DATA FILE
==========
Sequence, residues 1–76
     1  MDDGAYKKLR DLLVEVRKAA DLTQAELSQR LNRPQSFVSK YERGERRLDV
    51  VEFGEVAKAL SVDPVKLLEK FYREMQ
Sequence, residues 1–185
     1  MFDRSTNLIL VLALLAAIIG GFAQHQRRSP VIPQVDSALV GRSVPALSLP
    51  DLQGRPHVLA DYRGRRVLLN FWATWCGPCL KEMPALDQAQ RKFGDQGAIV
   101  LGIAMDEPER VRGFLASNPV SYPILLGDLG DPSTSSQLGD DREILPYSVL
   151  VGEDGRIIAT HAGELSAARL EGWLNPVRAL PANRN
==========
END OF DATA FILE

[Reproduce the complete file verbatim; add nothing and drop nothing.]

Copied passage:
Sequence, residues 1–76
     1  MDDGAYKKLR DLLVEVRKAA DLTQAELSQR LNRPQSFVSK YERGERRLDV
    51  VEFGEVAKAL SVDPVKLLEK FYREMQ
Sequence, residues 1–185
     1  MFDRSTNLIL VLALLAAIIG GFAQHQRRSP VIPQVDSALV GRSVPALSLP
    51  DLQGRPHVLA DYRGRRVLLN FWATWCGPCL KEMPALDQAQ RKFGDQGAIV
   101  LGIAMDEPER VRGFLASNPV SYPILLGDLG DPSTSSQLGD DREILPYSVL
   151  VGEDGRIIAT HAGELSAARL EGWLNPVRAL PANRN